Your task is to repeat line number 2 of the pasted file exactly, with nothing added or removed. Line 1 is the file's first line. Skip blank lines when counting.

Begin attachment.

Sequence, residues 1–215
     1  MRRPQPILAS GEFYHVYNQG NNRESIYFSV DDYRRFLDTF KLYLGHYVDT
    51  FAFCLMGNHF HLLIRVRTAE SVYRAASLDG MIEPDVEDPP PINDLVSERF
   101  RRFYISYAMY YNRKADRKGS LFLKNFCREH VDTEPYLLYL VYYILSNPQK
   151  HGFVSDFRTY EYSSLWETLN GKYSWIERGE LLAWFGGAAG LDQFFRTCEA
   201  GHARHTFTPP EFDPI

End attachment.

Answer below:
     1  MRRPQPILAS GEFYHVYNQG NNRESIYFSV DDYRRFLDTF KLYLGHYVDT